Food waste 101: understand the landscape
About this step
When mitigating food waste from your supply chain, there are many stakeholders–both inside and outside of your company–that you may need or want to engage.
Understand the external landscape
The list below is by no means comprehensive, but gives a good overview of organizations, events and initiatives in the chemical space. They’re a good way to get help, get educated and get connected with experts in this field.
The world’s leading conservation organization. WWF’s unique way of working combines global reach with a foundation in science, involves action at every level from local to global, and ensures the delivery of innovative solutions that meet the needs of both people and nature. WWF provides resources like, Further With Food, to educate companies and consumers about food waste.
An environmental non-profit advocacy group that works to safeguard the earth. NRDC’s 2012 report, Wasted, sparked a national conversation about food waste – shining light on today’s most popular food waste statistics. NRDC launched a national public service campaign, Save The Food, aimed at combating America’s food waste problem from its largest source – consumers. In doing so, they seek to reduce the massive amount of money, water and energy that is wasted along with it.
A collaboration of over 50 business, nonprofit, foundation and government leaders committed to reducing U.S. food waste and by taking a data-driven approach to move the food system from acting to insights to solve our national food waste problem. ReFED has identified 27 of the best opportunities through the Roadmap to Reduce U.S. Food Waste, a first-of-its-kind economic analysis, making it easier for stakeholders across the food supply chain to meet the national 50% reduction goal by 2030.
A collaborative effort of the Grocery Manufacturers Association, the Food Marketing Institute, and the National Restaurant Association, taking on the challenges of food waste in an attempt to shrink our environmental footprint and simultaneously address hunger in America. Tools include the assessment to measure food waste and 2015 best practices and emerging solutions guide.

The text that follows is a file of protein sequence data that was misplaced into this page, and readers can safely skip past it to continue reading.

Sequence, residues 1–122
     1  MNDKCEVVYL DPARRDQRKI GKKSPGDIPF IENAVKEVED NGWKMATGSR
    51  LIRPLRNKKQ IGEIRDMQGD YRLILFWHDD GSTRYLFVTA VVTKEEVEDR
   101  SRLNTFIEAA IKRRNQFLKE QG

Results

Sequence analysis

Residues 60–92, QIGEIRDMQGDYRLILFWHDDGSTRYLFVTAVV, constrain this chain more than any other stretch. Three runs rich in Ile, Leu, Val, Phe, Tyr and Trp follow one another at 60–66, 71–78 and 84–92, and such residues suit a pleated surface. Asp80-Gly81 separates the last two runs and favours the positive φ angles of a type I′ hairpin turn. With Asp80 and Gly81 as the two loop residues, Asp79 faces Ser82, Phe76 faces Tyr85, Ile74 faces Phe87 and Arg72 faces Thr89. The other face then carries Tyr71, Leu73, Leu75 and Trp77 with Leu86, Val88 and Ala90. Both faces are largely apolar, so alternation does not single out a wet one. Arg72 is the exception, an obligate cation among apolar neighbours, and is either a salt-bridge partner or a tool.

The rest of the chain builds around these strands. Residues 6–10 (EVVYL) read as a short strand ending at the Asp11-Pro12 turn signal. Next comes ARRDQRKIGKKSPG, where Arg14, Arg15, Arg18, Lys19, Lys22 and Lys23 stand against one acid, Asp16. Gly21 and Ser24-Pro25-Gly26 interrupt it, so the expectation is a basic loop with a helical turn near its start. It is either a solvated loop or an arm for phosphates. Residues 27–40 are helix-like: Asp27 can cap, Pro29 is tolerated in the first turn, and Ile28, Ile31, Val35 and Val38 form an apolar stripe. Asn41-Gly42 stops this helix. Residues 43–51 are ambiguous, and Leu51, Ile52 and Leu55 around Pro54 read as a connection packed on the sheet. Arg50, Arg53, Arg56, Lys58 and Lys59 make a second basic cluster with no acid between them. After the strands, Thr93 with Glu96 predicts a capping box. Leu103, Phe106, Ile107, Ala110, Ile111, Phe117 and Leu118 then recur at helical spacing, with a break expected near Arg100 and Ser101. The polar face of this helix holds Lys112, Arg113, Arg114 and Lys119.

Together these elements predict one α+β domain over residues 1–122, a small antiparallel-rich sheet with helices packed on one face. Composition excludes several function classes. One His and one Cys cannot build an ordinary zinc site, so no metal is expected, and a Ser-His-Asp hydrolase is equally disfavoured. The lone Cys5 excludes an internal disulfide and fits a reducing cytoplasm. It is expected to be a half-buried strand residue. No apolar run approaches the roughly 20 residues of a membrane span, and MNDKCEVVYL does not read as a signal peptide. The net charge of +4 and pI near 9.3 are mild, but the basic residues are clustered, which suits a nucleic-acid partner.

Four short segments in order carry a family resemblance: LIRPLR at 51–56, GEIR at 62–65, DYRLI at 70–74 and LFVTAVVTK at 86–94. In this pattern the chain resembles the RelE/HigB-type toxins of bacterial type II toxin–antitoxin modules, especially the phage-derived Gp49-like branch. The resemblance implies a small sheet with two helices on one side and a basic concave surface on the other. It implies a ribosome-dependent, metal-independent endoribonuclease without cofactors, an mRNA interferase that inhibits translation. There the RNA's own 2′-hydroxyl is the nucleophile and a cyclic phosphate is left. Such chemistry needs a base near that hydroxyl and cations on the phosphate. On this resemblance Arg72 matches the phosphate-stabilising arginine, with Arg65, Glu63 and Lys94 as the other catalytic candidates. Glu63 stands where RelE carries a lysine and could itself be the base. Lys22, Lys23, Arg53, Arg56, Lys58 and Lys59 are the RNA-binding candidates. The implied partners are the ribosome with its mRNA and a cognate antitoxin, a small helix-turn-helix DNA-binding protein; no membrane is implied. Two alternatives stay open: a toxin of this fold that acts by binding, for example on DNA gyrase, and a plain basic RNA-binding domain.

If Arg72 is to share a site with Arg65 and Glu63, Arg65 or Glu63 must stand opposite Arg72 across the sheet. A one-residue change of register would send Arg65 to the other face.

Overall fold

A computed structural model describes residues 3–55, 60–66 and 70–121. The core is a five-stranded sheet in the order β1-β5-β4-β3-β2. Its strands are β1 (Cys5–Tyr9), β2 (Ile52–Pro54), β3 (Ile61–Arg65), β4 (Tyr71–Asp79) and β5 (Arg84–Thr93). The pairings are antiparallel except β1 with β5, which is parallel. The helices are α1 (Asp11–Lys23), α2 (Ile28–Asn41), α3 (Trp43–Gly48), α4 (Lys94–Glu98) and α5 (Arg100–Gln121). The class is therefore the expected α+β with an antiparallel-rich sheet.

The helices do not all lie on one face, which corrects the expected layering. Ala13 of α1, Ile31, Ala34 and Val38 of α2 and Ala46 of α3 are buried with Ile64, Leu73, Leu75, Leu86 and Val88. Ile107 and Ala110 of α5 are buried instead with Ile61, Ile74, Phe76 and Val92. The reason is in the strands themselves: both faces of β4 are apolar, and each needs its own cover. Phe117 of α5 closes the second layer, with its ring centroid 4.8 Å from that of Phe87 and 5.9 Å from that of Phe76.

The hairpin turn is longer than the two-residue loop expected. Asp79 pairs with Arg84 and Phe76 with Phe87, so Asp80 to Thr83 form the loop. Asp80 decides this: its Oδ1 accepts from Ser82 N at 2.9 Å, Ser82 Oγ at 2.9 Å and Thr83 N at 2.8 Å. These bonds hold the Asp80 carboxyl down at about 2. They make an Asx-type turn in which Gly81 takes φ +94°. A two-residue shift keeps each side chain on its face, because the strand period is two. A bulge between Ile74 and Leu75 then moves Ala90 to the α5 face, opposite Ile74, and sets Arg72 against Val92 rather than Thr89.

A database that provides comprehensive information about food loss and waste in the U.S and about solutions dedicated to reducing it.
A global research organization that spans more than 60 countries. With more than 700 experts and staff, WRI turns big ideas into action at the nexus of environment, economic opportunity and human well-being. WRI’s World Resources Report project develops solutions to the world’s food production and consumption problems and identifies ways to reduce food loss and waste.
Understand the internal landscape
In your quest to reduce and removing food waste from your company’s products, you’ll need to engage with many stakeholders inside your organization. While every business’s organizational structure is unique, the chart below provides a high level look at personnel who typically would come into play regarding chemical mitigation.
In the next section of this series, “Build a Sustainability Plan 101”, you’ll do a more detailed assessment of these stakeholders.
Set’s the company’s sustainable business strategy
Engages with suppliers, keeps suppliers informed of new goals and held accountable to new commitments
Ensures the company is in compliance with food waste regulations applicable in the jurisdictions of manufacture and sales; also reviews the accuracy and scope of public statements
Engages in public policy and industry standards development
Talking the Talk: a Glossary of toxic chemical terminology
If you’re new to the food sustainability space, you’re likely to encounter a lot of new terms (and even some jargon). This site will help you get up to speed:
Eye-opening facts to tell your boss!
- Americans waste approximately 80 billions lbs of food each year
- 85% of food waste occurs at consumer-facing businesses and homes
- Food waste represents $1,350 to $2,275 lost each year to a family of four
- Food rotting in landfills accounts for 16% of U.S. methane emissions
- Worldwide, humans waste 1 of every 3 food calories produced. These wasted calories are enough to feed 3 billion people – 10x the population of the U.S., more than 2x of China, and more than 3x the number of malnourished globally